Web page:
George Floyd’s Killer Takes To Trial: what killed George Floyd?

April 1, 2021

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2 min read

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What's going on here?

Derek Chauvin, the former Minneapolis police officer accused of killing George Floyd, is currently on trial.

What does this mean?

Derek Chauvin has found his actions instigated a new zeitgeist of black rights activism across the world, which developed into the BLM movement. Police brutality became a term which rallied calls for protests, clashes with police, their defunding, and fostered a fiercely fractured political landscape.

Chauvin faces three charges: second-degree murder, third-degree murder, and second-degree manslaughter. All of these contain the actus reus of causing the death of another. Chauvin’s Defence will analyse autopsy reports readily and with them, will be hoping to prove that Chauvin was not Floyd’s killer. If successful, Chauvin will be acquitted.

Pleading not guilty, Chauvin’s defence will be expected to make effective use of the system and the standard of proof ensure his client’s acquittal. Of course, this case stands to be immensely important in terms of U.S legal history.

What's the big picture effect?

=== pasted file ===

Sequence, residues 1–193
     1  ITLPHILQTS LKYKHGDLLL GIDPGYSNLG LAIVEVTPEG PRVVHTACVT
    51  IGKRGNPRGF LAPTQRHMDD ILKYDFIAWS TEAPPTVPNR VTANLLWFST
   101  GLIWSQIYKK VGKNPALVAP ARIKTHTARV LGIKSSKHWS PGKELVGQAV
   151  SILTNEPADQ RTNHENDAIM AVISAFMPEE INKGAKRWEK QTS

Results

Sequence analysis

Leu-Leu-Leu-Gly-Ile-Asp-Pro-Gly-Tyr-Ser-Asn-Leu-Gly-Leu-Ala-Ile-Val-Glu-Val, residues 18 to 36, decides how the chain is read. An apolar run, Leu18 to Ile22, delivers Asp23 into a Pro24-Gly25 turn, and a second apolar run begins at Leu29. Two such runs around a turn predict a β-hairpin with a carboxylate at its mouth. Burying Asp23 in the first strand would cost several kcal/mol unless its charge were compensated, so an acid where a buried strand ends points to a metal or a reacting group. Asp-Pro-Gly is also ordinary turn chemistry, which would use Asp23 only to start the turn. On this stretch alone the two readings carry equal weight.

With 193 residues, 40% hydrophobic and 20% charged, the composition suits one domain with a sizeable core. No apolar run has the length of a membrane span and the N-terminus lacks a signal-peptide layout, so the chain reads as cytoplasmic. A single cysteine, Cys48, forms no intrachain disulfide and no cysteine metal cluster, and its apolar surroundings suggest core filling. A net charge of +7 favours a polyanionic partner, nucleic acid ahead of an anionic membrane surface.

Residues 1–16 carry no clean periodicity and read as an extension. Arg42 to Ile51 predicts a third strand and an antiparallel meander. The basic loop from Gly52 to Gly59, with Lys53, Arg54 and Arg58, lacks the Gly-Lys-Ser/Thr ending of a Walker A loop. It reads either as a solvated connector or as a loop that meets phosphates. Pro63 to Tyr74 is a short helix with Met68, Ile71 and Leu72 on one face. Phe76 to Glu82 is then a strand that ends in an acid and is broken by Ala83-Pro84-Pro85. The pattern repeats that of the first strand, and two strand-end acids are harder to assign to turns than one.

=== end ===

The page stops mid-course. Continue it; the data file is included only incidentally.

Chauvin’s defence has vehemently advocated that it was not Chauvin’s knee, but Floyd’s underlying heart condition and drug usage which caused his death.

The defence will invite the jury to consider the language of the autopsy report at length which lists heart attack “complicating law enforcement subdual, restraint and neck compression” as Floyd’s cause of death. Additionally, the autopsy asserts that Floyd experienced a heart attack while being arrested. The autopsy also mentions drug use, as well as underlying health conditions such as atherosclerosis, a common cause of heart attacks. With these facts, Chauvin’s Defence will maintain that it was ultimately a heart attack that killed Floyd.

The consensus among experts from toxicology, cardiology and illegal drug use is that it was Chauvin who caused Floyd’s death. Overall, six experts have concluded that the autopsy reports and other relevant documents, when paired with contemporaneous footage and the chain-of-events of the evening, made death by drug use or heart attack almost impossible.

However, the standard of proof is “beyond reasonable doubt”. If the defence can raise even some apprehension amongst the jury, Chauvin may be acquitted. Defending this position may be complicated for Chauvin’s lawyers, as Chauvin has already been convicted in the “Court of Public Opinion”, which may influence the jury’s decision.

A prudent defence attorney will hope to raise doubt amongst the jury, maintaining that there is, at least, a case to be tried. It is unlikely Chauvin’s team will have much success given the seemingly overwhelming evidence against their client.  Cases such as these test our moral convictions. The result seems clear, but we will see what the trial brings.

Report written by Matt Bryan

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